“Was not their mistake once more bred of the life of slavery that they had been living?—a life which was always looking upon everything, except mankind, animate and inanimate—‘nature,’ as people used to call it—as one thing, and mankind as another, it was natural to people thinking in this way, that they should try to make ‘nature’ their slave, since they thought ‘nature’ was something outside them” — William Morris

Sunday, October 21, 2012

Portugal Talk Details

Here's my schtick for Portugal this week:

Dark Ecology: Art and Thinking after the End of the World
Timothy Morton

In the later eighteenth century, humans have been depositing a thin layer of carbon in Earth's crust. This layer can now be detected in deep lakes and in Arctic ice. The term now given for this by geology is Anthropocene, a disturbing moment at which human history intersects decisively with geological time.

Since 1945, when humans began to deposit a layer of radioactive materials in Earth's crust, the Anthropocene has accelerated logarithmically, and we now live within a period called The Great Acceleration. Global warming and extinction are interrelated effects of the crossroads we have now reached, a crossroads at which geological and human time have intersected.

This intersection renders meaningless the very tools with which modernity has striven to talk about the nonhuman: concepts such as Nature,world, and even environment are now obsolete. Though they may be politically useful in some circumstances, they are not heuristically useful in any meaningful sense, and may indeed be part of the problem and not part of the solution.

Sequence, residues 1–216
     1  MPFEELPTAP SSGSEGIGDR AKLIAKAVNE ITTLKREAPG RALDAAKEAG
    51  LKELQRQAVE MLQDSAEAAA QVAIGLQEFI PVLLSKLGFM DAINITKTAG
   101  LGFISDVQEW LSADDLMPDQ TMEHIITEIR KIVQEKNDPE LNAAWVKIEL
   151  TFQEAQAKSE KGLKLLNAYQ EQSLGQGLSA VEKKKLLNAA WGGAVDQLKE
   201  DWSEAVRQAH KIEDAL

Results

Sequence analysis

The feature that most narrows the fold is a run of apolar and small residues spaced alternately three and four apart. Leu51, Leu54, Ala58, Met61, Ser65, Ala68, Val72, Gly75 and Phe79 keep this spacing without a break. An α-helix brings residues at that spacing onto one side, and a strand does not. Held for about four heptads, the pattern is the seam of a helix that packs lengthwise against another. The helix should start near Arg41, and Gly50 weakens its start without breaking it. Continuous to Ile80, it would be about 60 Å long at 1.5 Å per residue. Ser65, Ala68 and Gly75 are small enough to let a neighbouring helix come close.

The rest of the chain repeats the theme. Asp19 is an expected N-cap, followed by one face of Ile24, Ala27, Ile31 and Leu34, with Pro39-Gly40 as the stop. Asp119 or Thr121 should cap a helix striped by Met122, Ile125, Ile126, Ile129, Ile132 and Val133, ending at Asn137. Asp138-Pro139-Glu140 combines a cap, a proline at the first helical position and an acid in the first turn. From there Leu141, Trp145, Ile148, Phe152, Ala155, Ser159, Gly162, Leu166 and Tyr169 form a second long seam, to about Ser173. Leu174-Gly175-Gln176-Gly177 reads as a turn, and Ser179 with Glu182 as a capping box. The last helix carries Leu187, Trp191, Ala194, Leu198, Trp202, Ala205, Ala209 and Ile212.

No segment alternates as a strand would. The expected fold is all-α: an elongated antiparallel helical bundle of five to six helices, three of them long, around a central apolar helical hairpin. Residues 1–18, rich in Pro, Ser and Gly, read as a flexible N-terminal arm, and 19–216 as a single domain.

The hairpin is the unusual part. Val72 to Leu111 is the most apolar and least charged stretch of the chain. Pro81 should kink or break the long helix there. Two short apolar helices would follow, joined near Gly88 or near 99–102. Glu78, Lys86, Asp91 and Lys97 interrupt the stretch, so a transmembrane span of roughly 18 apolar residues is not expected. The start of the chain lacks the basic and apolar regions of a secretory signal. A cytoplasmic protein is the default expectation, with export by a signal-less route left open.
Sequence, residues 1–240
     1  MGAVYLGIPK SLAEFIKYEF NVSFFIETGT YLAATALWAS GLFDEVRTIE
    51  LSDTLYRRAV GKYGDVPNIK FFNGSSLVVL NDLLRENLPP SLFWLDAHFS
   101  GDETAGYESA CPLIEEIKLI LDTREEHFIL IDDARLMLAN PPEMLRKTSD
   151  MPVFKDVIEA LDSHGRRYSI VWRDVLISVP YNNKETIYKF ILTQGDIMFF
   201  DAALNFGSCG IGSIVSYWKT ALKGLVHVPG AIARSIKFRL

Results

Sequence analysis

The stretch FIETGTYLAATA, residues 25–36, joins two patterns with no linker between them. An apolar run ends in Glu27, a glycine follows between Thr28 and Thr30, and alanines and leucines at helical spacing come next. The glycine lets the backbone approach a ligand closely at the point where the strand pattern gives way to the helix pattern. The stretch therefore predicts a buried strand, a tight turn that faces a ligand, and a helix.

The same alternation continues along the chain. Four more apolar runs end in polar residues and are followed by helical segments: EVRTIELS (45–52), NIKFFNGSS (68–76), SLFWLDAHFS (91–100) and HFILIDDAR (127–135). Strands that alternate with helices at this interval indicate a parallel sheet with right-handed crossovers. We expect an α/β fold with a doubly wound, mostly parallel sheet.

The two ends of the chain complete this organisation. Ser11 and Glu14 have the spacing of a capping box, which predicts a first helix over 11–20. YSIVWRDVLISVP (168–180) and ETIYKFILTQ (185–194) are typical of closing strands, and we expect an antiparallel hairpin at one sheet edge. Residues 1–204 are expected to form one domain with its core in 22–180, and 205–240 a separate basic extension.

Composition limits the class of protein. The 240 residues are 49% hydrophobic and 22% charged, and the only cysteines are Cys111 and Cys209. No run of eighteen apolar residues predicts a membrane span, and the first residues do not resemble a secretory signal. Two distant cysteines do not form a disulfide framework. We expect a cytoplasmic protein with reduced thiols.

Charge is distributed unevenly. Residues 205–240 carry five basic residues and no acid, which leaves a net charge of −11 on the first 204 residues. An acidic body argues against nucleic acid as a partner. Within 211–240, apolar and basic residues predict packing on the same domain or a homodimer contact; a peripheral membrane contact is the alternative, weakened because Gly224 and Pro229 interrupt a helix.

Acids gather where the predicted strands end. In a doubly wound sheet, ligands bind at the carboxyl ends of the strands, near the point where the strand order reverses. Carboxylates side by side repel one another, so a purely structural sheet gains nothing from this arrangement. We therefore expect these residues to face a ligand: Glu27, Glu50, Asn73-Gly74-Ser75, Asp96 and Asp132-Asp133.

Furthermore, we are now confronted with gigantic entities—global warmingevolution, biosphere—that cannot be seen directly by three-dimensional beings of limited intelligence. Rather, they can be inferred mathematically and logically, a fact that emphasizes that reason itself is not strictly human-flavored, and that we inhabit a reality that is much larger, and more intractable, than we had supposed.

1790 was also roughly the moment at which Western philosophy decided that it could not talk about the real, but only about (human) access to the real. I see this moment and the fact of the Anthropocene as deeply related. For instance, Foucauldianism could claim that worrying about ecological issues is simply another example of biopower, the imposition of power at the biological level, without regard to the fact of the Anthropocene. Foucault was a student of Lacan, who was a student of Heidegger. Heidegger claims that there was no gravity until Newton came along. Heidegger gets this thought from Kant's restriction on the limits of human knowledge.

What is required is a philosophy—and a corresponding ethics and politics—that can think the nonhuman, not simply as the adornment or correlate of the human. Modernity damaged Earth, but it also damaged thinking. Unfortunately, one of the damaged concepts is the very concept Nature.

I call this philosophy dark ecology. It has quite strong implications for ecological arts.


Timothy Morton said...

Pete writes (and was unable to post):

"Heidegger claims that there was no gravity until Newton came along."

I understand MH claimed there was no "force of gravity" (What is a Thing? lectures). Gravity itself has been around at least since Aristotle came along, although our understanding has changed substantially. The force of gravity lasted until Einstein, less than four centuries. After Einstein we understand gravity geometrically, instead of as a force.

Timothy Morton said...

"Newton's laws ... are true only as long as Da-sein is. Being and Time I.6